I topped out on Twin Peak at noon, completing the 4.5 mile, 4,700′ ascent in four hours. I felt pretty good about that time given the wallow fest I experienced in the trees.

The snow capped summit of Twin Peak with the Little Bear/Blanca Traverse in full view to the southeast.

After eating some grub and enjoying the still windless summit, I dropped my pack and made my way over to Twin Peak’s unranked neighbor to the south. It took me less than ten minutes to complete the docile traverse between the two, and another ten minutes for the return trip.

Looking back at Twin Peak A from the unranked southern summit.

A closeup of Ellingwood (foreground) and Blanca (click to enlarge).

The boots I had on suck and my feet were getting cold as a result, so I left the summit and reversed my route down the ridge and back through the trees. I was able to retrace my trench exactly which made things a tad easier on the descent, but it was still a pain in the arse as the snow was getting saturated by the midday heat.

Twin Peaks in the rearview.

I arrived back at the car at 3pm for a total time of seven hours. I think in summer this peak would be a breeze, especially on the standard route with a defined trail to follow all the way to Zapata Lake. Winter is where it’s at with this peak though in my opinion as trailhead access is easy and the snow capped Sangres are sure cool to look at.

El Finale (click to enlarge).

All-Gon Pizzeria in Fort Garland provided a nice end to a satisfying day off from work. Sure beat sitting at a desk on Monday. I think it’s maybe time to do some snow dances…


9 thoughts on “Twin Peaks

  1. globreal

    Swaaa-weet trip report Mr. Conners! I enjoyed this thoroughly. What a great view of the sand dunes and then of the Blanca-LB traverse from those angles! Thanks for sharing.

    1. Ben Post author

      Hey thanks Britt! I appreciate it, was a good day out there for sure. One cool thing about some of these more obscure 13ers is the unique views you get of all the peaks you’ve already done. By the way congrats on finishing the Centennials :).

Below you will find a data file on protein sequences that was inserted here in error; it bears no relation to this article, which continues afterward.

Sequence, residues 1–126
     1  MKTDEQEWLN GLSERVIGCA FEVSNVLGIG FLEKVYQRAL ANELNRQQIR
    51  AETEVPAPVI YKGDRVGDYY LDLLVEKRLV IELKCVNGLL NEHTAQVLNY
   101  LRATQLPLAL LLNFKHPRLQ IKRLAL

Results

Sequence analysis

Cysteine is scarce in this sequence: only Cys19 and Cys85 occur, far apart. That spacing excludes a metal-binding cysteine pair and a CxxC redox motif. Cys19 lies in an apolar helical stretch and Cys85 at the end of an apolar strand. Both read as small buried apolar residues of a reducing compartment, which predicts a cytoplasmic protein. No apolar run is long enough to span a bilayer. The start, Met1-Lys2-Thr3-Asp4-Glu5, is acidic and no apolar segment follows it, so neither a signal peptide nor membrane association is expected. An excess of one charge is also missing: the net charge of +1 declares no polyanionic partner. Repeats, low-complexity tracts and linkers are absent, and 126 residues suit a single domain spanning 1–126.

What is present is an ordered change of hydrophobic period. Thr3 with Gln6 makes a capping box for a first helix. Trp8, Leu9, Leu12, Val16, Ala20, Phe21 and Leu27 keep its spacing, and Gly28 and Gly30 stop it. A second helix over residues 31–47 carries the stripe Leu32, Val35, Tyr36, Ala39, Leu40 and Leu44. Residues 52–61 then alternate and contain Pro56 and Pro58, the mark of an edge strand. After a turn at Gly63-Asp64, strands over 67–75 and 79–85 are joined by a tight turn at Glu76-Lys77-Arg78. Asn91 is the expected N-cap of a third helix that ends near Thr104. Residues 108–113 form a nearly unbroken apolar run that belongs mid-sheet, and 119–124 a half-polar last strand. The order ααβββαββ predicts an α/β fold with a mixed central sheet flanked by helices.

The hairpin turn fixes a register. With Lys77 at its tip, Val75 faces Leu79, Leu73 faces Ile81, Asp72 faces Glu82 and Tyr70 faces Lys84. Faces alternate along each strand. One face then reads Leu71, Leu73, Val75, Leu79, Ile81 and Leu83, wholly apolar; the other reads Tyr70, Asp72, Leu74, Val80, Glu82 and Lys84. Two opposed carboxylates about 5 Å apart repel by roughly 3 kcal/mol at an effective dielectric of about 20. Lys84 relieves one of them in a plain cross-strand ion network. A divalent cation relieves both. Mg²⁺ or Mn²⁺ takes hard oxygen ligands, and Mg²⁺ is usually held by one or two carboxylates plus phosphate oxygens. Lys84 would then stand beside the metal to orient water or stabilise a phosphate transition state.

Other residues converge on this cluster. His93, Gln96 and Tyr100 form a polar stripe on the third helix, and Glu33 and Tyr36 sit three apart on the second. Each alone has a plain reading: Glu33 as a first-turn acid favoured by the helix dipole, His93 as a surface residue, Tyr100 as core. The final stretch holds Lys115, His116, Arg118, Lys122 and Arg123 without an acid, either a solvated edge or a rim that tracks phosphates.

2. Brandon Chalk

    “balls deep”…I like it, Ben. Nice TR man and what a stellar day on a really cool peak we’ve all looked at so much but few of us have actually hiked.

    1. Ben Post author

      Haha, I’m glad Brando. Did I really write that? Sometimes this stuff just writes itself at this point. Still looking forward to skiing a line or two with you this spring man, even if it’s 183cm wide and drops straight down to the I70 shoulder :). I hope life is good up in the valley.

  3. DKYarian (Zambo)

    Oh ya. Now that I think back, we did indeed find a 100 yard section of misery snow in the trees right before treeline. I agree – it was terrible!
    Haha, anyways man. Glad it was a good day out and you had fun. The relief off of those peaks is unreal.

    1. Ben Post author

      Thanks Zambo! It was good to see you guys had a great day out as well and thanks for the beta and photo (ok I guess I stole the photo 🙂 ). Yeah I love the relief in that area, probably the most “sheer” in the entire state. Looking forward to the next one.

  4. Floyd

    Ben, well done sir. We looked into this one last winter but the 10k cloud ceiling turned us back. Looks like a very nice winter option for the future. Congrats on a nice day in the hills.

    1. Ben Post author

      Thanks Scot. That route is, in my opinion, a very nice winter option. I think a lot of those west ridge runs down there are.

  5. Brian

    Beats the hell out of going to work – thats for damn sure. And views right out of the gate always adds to the motivation and overall experience of the day.